Diabetes is becoming more common in the United States. From 1980 through 2011, the number of Americans with diagnosed diabetes has more than tripled as of 2011 (from 5.6 million to 20.9 million). Do you know how much it is costing in our country? Its a combination of factors that has caused such and increase in the disease of Diabetes in the U.S. Factors:
-Look how much our population has increased with fast food companies pushing the unhealthy foods the sell in restaurants or food stores.
-Also people from other countries who permanently came into America becoming a citizen from 1980 to now and came in to the U.S. already eating poor OR picked up the bad habits of eating poor foods that the U.S. media pushes that is acceptable to enough by U.S. society (that is continues) and is adding to the diabetic population whether they came in the U.S. with it or got it when coming to live in America.
-Than people born in U.S. with family having a history of diabetes or worse parents who did not watch good eating habits when raising their children who got obese putting them at high risk for diabetes.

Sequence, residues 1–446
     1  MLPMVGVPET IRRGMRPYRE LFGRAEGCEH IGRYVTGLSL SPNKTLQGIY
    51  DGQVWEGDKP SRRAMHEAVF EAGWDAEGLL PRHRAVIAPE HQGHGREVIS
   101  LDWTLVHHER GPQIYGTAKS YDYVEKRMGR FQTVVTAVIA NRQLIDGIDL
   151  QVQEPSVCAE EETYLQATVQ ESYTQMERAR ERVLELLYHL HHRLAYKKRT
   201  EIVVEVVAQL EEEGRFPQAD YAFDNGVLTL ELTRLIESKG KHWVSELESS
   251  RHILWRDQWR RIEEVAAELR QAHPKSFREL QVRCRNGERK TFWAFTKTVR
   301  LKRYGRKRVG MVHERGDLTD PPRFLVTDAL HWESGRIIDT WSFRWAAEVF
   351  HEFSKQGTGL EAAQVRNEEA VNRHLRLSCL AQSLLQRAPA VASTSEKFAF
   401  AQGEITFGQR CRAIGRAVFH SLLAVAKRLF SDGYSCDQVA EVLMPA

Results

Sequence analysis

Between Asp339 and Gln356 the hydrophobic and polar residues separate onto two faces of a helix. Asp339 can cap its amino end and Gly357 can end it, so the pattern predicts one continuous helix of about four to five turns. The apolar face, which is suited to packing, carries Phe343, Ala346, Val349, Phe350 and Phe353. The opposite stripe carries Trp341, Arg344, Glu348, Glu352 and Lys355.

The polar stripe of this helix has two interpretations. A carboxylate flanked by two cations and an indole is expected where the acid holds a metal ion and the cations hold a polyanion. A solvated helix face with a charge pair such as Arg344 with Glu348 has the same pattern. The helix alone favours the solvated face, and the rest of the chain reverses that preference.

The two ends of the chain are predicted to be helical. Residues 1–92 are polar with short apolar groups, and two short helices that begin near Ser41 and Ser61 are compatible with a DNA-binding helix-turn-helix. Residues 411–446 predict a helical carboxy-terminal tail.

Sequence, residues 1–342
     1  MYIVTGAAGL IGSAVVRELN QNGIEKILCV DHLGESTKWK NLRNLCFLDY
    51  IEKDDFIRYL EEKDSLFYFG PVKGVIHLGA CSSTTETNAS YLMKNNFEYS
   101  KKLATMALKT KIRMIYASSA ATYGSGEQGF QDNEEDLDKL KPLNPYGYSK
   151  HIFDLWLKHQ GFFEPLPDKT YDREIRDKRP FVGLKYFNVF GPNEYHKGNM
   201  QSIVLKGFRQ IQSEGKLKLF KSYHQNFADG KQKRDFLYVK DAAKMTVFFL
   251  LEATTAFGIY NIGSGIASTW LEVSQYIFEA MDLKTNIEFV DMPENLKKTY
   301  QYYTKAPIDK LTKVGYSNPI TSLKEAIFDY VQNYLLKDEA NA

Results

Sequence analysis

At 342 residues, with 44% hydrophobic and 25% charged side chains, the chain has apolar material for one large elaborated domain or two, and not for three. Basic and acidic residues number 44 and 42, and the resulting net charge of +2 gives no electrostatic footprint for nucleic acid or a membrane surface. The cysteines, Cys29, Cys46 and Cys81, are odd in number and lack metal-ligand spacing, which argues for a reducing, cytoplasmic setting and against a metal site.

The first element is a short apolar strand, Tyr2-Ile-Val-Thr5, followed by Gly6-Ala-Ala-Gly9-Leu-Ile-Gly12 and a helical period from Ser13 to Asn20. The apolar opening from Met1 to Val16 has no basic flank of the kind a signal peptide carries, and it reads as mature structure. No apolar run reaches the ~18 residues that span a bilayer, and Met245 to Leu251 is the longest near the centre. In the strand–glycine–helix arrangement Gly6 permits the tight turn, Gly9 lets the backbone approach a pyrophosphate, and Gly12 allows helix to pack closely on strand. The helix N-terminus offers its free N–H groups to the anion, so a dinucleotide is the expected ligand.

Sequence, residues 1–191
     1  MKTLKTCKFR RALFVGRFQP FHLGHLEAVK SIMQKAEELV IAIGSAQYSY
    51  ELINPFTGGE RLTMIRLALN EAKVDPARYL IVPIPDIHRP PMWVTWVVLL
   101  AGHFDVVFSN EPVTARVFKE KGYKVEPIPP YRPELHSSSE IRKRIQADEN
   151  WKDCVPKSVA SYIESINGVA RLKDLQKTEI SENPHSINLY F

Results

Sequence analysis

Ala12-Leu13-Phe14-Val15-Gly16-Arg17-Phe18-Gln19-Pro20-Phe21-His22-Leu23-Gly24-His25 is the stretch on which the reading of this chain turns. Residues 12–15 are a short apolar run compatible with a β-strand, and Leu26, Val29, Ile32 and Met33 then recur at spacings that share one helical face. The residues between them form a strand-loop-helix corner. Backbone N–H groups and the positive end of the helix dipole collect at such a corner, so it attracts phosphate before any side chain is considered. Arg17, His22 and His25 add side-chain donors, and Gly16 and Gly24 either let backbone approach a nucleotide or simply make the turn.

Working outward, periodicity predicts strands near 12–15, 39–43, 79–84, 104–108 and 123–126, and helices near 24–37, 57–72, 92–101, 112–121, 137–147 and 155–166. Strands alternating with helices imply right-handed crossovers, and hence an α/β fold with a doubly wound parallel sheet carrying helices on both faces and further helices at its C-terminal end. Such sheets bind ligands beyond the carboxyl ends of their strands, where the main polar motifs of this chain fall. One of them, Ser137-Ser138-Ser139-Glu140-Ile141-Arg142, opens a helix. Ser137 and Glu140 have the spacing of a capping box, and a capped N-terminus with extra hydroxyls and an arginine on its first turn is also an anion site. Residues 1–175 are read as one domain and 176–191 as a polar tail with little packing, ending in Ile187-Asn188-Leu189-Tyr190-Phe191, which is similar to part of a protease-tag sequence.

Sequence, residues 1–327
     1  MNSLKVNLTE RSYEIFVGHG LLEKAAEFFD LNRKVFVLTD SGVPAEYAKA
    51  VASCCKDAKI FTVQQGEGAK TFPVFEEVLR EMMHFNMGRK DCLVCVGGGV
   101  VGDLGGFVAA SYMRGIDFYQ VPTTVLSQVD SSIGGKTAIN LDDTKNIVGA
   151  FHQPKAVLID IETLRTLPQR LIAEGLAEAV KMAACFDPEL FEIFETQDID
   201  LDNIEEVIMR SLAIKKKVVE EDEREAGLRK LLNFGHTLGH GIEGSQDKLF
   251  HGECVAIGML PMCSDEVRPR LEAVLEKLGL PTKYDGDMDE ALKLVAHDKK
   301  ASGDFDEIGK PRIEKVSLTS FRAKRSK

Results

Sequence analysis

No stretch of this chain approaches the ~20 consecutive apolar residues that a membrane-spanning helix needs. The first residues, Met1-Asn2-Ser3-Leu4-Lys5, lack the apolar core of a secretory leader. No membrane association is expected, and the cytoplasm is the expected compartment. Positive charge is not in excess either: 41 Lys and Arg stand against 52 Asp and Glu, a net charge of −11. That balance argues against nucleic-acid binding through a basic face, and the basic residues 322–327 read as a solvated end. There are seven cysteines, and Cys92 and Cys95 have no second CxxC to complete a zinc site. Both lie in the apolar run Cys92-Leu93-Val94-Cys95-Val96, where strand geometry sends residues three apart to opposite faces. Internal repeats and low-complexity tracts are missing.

-Ending line, these factors massively increased making the number of Diabetic Americans 3x higher since 1980.
-Than another factor is the illegals with diabetes also adds to the number of diabetic people in America; for they are not left out and are treated in hospitals with citizens. If the come to an ER in the U.S. we treat them.
These factors all IMPACT an increase in the number of Diabetics in America!
Wake up America! We need to get this disease under better control! See how Diabetes keeps increasing in the U.S.?
That’s right. The metabolic condition is about as American as you can get, according to a national report card on diabetes by the Centers for Disease Control and Prevention 2011.
The report shows that nearly half of Americans have diabetes or prediabetes, which puts them at high risk for the condition. A good number of these folks haven’t been diagnosed and don’t even realize their predicament.
People with diabetes have too much sugar in their blood. If the disease isn’t controlled, they can wind up with heart disease, nerve damage, kidney problems, eye damage and other serious health problems.
The new report combines data from the CDC, the Agency for Healthcare Research and Quality, the Indian Health Service and the Census Bureau. Here’s a numerical look at what they reveal about diabetes in America.